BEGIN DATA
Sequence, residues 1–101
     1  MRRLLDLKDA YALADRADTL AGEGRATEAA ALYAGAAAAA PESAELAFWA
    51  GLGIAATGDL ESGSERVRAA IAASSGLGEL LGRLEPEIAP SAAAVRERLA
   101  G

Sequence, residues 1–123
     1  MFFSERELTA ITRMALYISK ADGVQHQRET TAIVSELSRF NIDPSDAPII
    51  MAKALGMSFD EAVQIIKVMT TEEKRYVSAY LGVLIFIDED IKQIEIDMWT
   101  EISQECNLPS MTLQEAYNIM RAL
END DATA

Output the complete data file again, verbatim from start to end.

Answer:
Sequence, residues 1–101
     1  MRRLLDLKDA YALADRADTL AGEGRATEAA ALYAGAAAAA PESAELAFWA
    51  GLGIAATGDL ESGSERVRAA IAASSGLGEL LGRLEPEIAP SAAAVRERLA
   101  G

Sequence, residues 1–123
     1  MFFSERELTA ITRMALYISK ADGVQHQRET TAIVSELSRF NIDPSDAPII
    51  MAKALGMSFD EAVQIIKVMT TEEKRYVSAY LGVLIFIDED IKQIEIDMWT
   101  EISQECNLPS MTLQEAYNIM RAL